Biomedical Engineer Job Description

  • Helena Kudiabor
  • Jan 06 2023

A career as a biomedical engineer allows you to combine a passion for physics with one for biology and medicine. The work of biomedical engineers has been crucial to new healthcare technologies, such as wheelchairs, heart valves and prosthetic limbs.


What is biomedical engineering?

Biomedical engineering is the application of key concepts of engineering to biology and medicine. Aspects of electrical, mechanical and chemical engineering, as well as chemistry and maths are all integrated with human biology. While other disciplines of engineering focus on issues like electricity, artificial energy or renewable energy, biomedical engineering focuses on improving human health and healthcare. There are many subsets of biomedical engineering, such as the implementation of medical devices (glucose monitors), stem cell research and medical imaging (MRI scans).

What are the typical responsibilities of a biomedical engineer?

Biomedical engineers can choose to specialise in a number of different areas, so responsibilities vary between specialisms. However, general responsibilities include: conducting research into consumer needs, developing and testing prototypes of medical instruments, maintaining and repairing biomedical equipment, reporting research findings to gain contracts and grants, and explaining to medical staff how to operate the equipment.

What skills do I need to be a successful biomedical engineer?

Critical-thinking skills are important, as you’ll need to compare and contrast different equipment and work out which best suits your client’s needs. Time management skills are also vital, to ensure that the equipment can be produced in a timely manner, and before any deadlines. 

Communication skills, both written and verbal are also valued. You’ll often publish your research in scholarly journals, and convince hospitals and funding bodies to support your work. Finally, biomedical engineers frequently use computer software to perfect equipment, so computer literacy is important.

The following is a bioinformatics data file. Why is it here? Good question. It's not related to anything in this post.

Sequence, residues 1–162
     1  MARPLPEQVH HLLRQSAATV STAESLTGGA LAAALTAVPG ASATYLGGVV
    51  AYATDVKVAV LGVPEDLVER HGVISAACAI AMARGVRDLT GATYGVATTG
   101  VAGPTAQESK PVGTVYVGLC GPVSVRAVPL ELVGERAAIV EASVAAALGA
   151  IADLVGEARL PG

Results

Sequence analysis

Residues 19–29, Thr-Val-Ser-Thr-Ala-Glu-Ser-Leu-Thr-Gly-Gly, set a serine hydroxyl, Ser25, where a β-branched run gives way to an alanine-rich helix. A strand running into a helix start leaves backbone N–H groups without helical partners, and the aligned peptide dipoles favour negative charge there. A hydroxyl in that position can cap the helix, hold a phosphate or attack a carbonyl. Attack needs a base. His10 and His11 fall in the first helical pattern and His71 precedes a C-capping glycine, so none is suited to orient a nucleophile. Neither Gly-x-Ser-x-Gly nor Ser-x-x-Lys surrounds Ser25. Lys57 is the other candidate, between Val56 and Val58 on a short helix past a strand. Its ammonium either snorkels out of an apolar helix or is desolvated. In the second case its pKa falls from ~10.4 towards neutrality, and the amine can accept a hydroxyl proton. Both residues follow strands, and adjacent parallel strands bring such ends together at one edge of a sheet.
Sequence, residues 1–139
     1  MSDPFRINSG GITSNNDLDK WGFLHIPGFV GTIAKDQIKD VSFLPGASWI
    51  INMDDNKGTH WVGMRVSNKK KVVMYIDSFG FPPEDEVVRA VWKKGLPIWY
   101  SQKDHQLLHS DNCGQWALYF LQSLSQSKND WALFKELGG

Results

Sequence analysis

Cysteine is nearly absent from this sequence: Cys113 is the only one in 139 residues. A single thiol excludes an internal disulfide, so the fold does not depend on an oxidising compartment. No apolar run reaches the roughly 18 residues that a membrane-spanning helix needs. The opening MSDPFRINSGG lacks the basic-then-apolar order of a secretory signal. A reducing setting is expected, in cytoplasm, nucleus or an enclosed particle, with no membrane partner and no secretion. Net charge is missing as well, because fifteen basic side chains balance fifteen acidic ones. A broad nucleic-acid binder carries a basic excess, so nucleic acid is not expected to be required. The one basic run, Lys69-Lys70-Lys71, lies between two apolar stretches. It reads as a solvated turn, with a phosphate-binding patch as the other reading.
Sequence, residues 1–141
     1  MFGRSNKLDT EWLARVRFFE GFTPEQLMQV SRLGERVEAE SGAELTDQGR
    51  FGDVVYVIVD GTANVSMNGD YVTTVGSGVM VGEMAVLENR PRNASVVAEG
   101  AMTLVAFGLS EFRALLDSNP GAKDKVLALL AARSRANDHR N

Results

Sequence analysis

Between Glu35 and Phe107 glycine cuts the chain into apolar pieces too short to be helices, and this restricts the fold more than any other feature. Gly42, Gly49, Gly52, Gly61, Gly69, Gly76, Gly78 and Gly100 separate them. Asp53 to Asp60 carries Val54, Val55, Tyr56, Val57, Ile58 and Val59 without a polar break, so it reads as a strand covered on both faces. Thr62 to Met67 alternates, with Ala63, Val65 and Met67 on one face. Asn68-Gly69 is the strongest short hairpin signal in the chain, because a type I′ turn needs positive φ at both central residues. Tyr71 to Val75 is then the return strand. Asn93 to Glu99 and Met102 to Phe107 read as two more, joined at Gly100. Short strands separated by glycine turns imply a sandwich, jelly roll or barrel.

What is the future of biomedical engineering?

Biomedical engineering is an incredibly exciting field, with new developments and discoveries happening all the time. Currently, biomedical engineers are enhancing robotic surgery, which allows surgeons to make more precise incisions and conduct minimally invasive surgery. 

There’s even the possibility of the development of telesurgery, where surgeons control robots from hospitals miles away. Medical virtual reality is also being developed, which allows medical students to gain more practical experience. VR headsets allow students to gain hands-on experience with complex medical procedures, as well as communicating sensitively with patients and families.

How do I become a biomedical engineer?

To become a biomedical engineer, you can either complete a degree or an apprenticeship. Relevant subjects include biomedical science, electrical engineering and physics. For a career with the NHS, the NHS Scientist Training Programme is a graduate programme that allows you to complete work experience while working towards a fully-funded Master’s in clinical engineering.